Since I expect deep disagreements over whether p will happen, and I expected it before it happened, the (symbolic) disagreement does not put me under pressure to reconcile on the proposed goal. Do I need to change my mind about the sincerity or competence of the challenger? There are, of course, disputes where there is a partisan split and in relation to which such a reaction is justified (think of “Pizzagate” or claims that the Sandy Hook massacre was a “false flag” operation; both theories are almost exclusively on the right). The best explanation for this kind of partisan dissent may indeed be sincerity or competence. Many of those who defend these views are trolls, or what Pritchard (2018) calls “dialectical poseurs,” and don`t really contradict us. Those who are sincere are often under the sway of a toxic ideology that distorts their ability to process evidence. These cases are considered more extreme cases than deep disagreements, because the lie of the claims should be obvious to everyone, regardless of their ideology; Therefore, the best explanation for such disagreements is the sincerity or competence of the parties to the dispute. In her discussion of what she calls “amazing relationships,” Jones (2002) points out that what is considered astonishing to an agent is shaped by his or her background and sometimes by his or her biases. As a result, they could deny someone peer status for illegitimate reasons. It recommends that the credibility of the testimony and the informant be treated independently. However, their concern does not seem to be the product of banning an informant from peerage on the basis of his statement (rightly in my opinion), but a kind of double counting: if we take the disbelief of the report as a basis for dismissing the informant and then referring to the informant`s unreliability in order to further dismiss the statement. This is clearly illegitimate. With common extreme disagreements (standard in the literature, i.e.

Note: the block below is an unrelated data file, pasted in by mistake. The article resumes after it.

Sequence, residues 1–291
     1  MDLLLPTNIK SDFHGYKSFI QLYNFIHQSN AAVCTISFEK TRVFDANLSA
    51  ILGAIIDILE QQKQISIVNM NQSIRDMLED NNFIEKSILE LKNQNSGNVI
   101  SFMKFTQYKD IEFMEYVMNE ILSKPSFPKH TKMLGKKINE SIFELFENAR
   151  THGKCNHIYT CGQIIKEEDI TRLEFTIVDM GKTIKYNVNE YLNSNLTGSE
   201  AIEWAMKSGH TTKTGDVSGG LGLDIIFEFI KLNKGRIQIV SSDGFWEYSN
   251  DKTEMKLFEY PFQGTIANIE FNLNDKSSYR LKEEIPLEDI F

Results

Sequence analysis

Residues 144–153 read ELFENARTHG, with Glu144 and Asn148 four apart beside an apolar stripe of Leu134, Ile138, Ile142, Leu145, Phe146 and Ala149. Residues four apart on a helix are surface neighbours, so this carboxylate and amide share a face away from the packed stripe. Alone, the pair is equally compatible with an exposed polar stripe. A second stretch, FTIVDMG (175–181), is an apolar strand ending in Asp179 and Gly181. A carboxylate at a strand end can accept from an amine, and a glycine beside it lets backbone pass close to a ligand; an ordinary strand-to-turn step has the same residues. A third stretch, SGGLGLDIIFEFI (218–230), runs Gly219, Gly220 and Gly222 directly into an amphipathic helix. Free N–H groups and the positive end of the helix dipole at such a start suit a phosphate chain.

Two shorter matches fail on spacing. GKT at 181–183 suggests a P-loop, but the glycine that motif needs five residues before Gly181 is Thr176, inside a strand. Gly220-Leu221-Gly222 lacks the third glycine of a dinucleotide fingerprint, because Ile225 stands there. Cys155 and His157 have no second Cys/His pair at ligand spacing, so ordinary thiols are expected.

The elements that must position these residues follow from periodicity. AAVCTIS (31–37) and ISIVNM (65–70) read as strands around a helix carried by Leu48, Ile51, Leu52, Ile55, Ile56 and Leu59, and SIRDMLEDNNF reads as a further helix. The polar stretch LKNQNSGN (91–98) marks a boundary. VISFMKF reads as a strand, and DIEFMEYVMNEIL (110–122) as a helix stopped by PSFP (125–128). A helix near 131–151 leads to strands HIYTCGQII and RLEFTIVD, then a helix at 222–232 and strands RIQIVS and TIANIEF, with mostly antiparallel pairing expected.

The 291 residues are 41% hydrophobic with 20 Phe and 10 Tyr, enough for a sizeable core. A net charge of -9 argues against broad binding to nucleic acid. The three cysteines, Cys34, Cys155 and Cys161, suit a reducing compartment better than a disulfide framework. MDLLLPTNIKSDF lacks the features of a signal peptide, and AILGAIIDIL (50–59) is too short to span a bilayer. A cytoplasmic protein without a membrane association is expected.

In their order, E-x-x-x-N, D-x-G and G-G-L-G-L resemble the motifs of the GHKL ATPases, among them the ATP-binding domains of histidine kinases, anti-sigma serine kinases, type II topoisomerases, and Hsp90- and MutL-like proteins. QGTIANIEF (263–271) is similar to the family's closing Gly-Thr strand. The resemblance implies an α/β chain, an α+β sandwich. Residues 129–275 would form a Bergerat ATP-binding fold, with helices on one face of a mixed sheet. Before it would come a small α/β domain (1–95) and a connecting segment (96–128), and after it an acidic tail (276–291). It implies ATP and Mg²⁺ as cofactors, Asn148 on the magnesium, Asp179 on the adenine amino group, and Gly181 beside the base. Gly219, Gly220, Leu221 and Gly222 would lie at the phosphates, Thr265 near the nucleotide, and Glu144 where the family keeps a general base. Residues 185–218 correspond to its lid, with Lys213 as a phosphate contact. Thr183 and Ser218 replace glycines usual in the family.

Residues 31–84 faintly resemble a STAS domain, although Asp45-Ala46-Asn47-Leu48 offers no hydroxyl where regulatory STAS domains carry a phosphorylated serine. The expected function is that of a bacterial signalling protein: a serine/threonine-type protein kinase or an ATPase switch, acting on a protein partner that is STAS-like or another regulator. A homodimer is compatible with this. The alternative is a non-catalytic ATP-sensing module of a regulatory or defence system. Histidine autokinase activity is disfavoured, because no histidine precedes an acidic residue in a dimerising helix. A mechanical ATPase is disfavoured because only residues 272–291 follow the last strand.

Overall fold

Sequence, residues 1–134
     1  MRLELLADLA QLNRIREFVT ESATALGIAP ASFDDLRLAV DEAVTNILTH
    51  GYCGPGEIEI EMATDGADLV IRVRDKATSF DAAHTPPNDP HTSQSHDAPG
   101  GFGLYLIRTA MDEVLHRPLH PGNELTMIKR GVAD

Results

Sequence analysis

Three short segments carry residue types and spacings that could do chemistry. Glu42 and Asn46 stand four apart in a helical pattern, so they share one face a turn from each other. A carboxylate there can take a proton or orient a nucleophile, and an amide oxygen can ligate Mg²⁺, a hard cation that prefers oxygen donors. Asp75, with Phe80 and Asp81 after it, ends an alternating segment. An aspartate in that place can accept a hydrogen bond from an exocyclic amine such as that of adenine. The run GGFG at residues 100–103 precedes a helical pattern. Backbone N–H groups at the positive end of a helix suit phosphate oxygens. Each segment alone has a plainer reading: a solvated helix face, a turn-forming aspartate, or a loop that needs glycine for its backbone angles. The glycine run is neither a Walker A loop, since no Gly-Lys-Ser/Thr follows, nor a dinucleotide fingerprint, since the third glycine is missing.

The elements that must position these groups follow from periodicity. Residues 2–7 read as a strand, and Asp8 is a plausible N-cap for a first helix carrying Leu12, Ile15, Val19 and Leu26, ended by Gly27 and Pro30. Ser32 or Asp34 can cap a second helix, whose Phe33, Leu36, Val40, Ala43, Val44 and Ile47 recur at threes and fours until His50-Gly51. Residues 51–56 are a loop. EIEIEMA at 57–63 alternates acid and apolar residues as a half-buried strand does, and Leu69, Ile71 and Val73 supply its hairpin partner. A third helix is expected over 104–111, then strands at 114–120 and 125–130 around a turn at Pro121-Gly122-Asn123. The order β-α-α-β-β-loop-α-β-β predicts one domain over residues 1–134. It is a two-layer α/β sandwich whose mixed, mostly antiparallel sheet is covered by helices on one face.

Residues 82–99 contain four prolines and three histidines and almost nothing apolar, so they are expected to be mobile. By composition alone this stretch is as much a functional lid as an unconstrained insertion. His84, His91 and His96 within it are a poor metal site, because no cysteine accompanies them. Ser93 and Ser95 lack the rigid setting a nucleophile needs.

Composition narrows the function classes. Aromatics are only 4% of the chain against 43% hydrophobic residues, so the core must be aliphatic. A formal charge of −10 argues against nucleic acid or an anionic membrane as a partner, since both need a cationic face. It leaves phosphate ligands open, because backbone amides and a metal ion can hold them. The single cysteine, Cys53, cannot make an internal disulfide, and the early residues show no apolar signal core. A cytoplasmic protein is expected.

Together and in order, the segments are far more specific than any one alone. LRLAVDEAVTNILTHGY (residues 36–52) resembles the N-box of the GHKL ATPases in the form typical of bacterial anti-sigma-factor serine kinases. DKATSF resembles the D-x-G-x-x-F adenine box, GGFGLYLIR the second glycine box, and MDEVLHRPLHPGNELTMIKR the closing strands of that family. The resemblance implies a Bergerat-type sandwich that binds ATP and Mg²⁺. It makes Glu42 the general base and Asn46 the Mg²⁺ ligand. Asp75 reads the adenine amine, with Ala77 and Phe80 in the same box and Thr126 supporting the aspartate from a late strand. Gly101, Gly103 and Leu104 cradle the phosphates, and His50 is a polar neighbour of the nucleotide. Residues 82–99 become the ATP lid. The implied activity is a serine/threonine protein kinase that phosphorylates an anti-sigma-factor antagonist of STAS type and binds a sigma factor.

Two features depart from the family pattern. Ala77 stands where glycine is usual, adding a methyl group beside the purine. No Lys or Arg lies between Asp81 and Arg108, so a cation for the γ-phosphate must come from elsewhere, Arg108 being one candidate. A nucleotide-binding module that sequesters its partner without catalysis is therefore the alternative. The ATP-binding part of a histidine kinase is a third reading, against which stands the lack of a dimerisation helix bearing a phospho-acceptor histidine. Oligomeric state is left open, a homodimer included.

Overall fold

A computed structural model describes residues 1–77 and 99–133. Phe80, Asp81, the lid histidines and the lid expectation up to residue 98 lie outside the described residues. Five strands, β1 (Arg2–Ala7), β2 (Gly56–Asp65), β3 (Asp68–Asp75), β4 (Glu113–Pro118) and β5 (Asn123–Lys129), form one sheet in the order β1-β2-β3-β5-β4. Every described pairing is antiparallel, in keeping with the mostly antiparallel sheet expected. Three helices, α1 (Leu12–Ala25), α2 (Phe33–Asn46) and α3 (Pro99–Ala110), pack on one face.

if not in real life), if at all, the pressure goes in the other direction: to give the testimony more credibility than it deserves based on the previous perception of the credibility of the whistleblower. .